Android – Integrating the SDK

To integrate Point SDK, you will need a Bluedot account. If you don’t have one, you can request here. Our SDK works with Android 4.0 and above.

Bluedot Point SDK enables an ‘always-on’ geolocation capability for apps by delivering accurate location awareness, while substantially reducing battery consumption compared to Core Location or other standard methods. Point SDK connects to Bluedot’s backend system, Canvas, to download your pre-configured Geofences, GEOLINE™, conditions, and actions.

Before you start integrating, you want to review our GitHub Minimal Integration Example. It showcases: 

  • Minimum integration points to run the Point SDK
  • How to receive Application Notifications
  • The required Location Services permissions

Otherwise, you can jump straight into development with the section Introducing ServiceManager.

Introducing ServiceManager

ServiceManager is the entry-point for an app to start using Point SDK.

The first step is to start Bluedot Point Service by calling the sendAuthenticationRequest method on the shared instance of ServiceManager with a ProjectID from Canvas as a parameter.  Navigate to “Projects” in your account to get your ProjectID.

Starting the Bluedot Point Service requires that the device is connected to the internet via a mobile data network or Wi-Fi access point.

A custom URL can also be passed in as a parameter for authentication if the app needs to connect to an alternate Bluedot back-end. Custom URLs should only be used for debugging and support purposes.

In most cases, it is required that the SDK be initialized in App Restart mode to ensure that the Bluedot Service will be restarted if it is terminated by the Android OS. Please refer to the App Restart section for more details.

It is essential to pass a ServiceStatusListener that provides a callback when BlueDotPointService starts successfully. The ServiceStatusListener provides you with four callbacks as shown in the examples below.

Please note: These callbacks should be thread-safe and should not update UI views directly. If a UI view needs to be updated from within the callback, it must be wrapped into runOnUiThread or a Handler.

It is recommended that you integrate the Bluedot Point SDK at the Application class level, as Application is the most commonly used singleton class and the Application lifecycle covers the availability of this class throughout the life of the application. It is also possible, depending on the particular application structure, to implement the ServiceStatusListener and  ApplicationNotificationListener with an Activity, Service or Fragment as well.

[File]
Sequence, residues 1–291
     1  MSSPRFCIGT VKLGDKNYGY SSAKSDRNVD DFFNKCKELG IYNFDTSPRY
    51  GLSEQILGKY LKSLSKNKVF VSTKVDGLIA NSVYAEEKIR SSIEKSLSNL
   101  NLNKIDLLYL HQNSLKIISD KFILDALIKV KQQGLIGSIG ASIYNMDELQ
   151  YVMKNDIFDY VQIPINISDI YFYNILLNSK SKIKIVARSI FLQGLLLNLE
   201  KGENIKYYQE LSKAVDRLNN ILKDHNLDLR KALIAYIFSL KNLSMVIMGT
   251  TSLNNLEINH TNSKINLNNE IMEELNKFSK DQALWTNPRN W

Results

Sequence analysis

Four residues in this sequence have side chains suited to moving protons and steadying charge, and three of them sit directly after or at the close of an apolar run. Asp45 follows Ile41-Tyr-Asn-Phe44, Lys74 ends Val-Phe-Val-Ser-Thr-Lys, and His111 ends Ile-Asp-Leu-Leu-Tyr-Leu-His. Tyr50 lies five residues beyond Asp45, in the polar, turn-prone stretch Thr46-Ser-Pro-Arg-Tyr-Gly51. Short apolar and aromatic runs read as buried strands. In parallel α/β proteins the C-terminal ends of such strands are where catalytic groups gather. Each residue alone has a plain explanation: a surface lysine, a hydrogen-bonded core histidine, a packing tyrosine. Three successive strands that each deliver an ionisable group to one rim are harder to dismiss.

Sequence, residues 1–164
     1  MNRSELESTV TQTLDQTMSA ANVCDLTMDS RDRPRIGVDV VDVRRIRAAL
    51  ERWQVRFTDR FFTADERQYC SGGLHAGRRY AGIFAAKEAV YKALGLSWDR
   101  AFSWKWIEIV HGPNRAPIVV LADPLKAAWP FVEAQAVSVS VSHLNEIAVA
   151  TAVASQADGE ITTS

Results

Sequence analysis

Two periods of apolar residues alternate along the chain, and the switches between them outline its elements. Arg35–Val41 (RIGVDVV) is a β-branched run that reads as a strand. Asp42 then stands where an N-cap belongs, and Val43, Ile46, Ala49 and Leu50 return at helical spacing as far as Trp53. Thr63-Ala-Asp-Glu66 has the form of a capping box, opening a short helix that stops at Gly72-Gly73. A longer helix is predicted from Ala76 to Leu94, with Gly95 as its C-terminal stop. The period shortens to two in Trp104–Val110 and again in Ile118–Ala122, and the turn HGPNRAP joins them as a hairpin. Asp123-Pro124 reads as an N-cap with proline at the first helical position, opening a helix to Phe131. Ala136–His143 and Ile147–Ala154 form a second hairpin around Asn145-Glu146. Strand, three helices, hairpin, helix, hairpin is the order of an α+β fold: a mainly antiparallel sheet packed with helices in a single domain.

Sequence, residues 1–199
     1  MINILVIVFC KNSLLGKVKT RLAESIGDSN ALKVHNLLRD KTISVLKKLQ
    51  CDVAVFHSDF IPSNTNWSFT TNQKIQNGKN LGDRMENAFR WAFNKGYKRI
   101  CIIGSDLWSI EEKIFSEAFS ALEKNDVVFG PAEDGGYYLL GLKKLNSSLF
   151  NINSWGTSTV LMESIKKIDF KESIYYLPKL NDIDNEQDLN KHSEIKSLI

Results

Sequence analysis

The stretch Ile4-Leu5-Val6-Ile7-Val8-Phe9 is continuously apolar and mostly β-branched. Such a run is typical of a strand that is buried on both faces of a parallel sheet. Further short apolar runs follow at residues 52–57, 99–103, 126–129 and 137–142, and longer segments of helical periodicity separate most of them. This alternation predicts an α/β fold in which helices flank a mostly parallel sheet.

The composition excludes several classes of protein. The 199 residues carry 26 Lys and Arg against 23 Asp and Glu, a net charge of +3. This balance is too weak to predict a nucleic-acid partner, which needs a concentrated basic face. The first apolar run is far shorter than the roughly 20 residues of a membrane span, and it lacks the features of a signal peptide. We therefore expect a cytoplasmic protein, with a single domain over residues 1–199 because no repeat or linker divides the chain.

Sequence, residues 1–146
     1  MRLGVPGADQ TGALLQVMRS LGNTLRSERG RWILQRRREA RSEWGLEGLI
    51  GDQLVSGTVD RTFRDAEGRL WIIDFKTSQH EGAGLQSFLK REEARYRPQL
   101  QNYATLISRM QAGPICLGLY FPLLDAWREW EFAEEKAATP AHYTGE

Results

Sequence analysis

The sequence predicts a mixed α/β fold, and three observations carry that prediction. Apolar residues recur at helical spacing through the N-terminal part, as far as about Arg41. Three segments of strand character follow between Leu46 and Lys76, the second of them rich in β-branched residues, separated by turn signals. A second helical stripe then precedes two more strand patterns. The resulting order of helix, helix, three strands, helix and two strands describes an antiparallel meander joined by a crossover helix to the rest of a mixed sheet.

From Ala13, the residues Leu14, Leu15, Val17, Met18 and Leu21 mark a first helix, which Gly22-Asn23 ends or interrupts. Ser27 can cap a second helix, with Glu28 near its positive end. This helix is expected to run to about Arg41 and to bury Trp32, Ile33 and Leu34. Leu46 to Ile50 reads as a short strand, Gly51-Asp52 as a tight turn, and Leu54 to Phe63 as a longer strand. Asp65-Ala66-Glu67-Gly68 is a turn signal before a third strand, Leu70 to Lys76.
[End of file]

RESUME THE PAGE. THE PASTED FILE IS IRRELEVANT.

Application Integration

public class BDTestApplication extends Application implements ServiceStatusListener, ApplicationNotificationListener {
    public void onCreate() {

    serviceManager = ServiceManager.getInstance(this);
    // Check for location permission before authenticating the SDK
    if (ActivityCompat.checkSelfPermission(this, Manifest.permission.ACCESS_FINE_LOCATION) != PackageManager.PERMISSION_GRANTED) {
    // Put your code to ask for location permission here. 
    // If not using a foreground service, it will also be necessary to check and request Manifest.permission.ACCESS_BACKGROUND_LOCATION.

    // Check the Bluedot Point Service is currently running, otherwise start it
    } else if (!serviceManager.isBlueDotPointServiceRunning()){
        // Setting Notification for foreground service, required for Android Oreo and above.
        String channelId = "ID";
        String channelName = "Name";

        NotificationChannel notificationChannel = new NotificationChannel(channelId, channelName, NotificationManager.IMPORTANCE_DEFAULT);

        NotificationManager notificationManager = (NotificationManager) this.getSystemService(Context.NOTIFICATION_SERVICE);

        Notification.Builder notificationBuilder = new Notification.Builder(getApplicationContext(), channelId);

        Notification notification =;

        // Setting targetAllAPIs to TRUE will display foreground notification for Android versions lower than Oreo
        serviceManager.setForegroundServiceNotification(notification, false);
@Override public void onBlueDotPointServiceStartedSuccess() {
// This is called when BlueDotPointService started successfully
// Your app logic can start from here

@Override public void onBlueDotPointServiceStop() {
// This will be called when BlueDotPointService has been stopped.
// Your app could release resources that use the BlueDotPointService

@Override public void onBlueDotPointServiceError(BDError error) {
// This gives you details if BlueDotPointService encounters an error.
// Human-readable string of bdError.getReason() can be useful to analyse the cause of the error.
// Boolean bdError.isFatal() identifies if error is fatal and BlueDotPointService is no more functional;
// onBlueDotPointServiceStop() callback is invoked next in such a case.

@Override public void onRuleUpdate(List zoneInfos) {
// Passively receive Zones information
// Optional

@Override public void onCheckIntoFence(FenceInfo fenceInfo, ZoneInfo zoneInfo, LocationInfo location, Map<String, String> customData, boolean isCheckOut) {
// This method will be called if the device checked into a Fence
// Using a handler to pass Runnable into UI thread to interact with UI elements

@Override public void onCheckedOutFromFence(FenceInfo fenceInfo, ZoneInfo zoneInfo, int dwellTime, Map<String, String> customData) {
// This method will be called when a device leaves the Fence that was checked into. Only applies to zones flagged as checkout enabled on the backend.
Created by Bluedot DevOps on June 19, 2018

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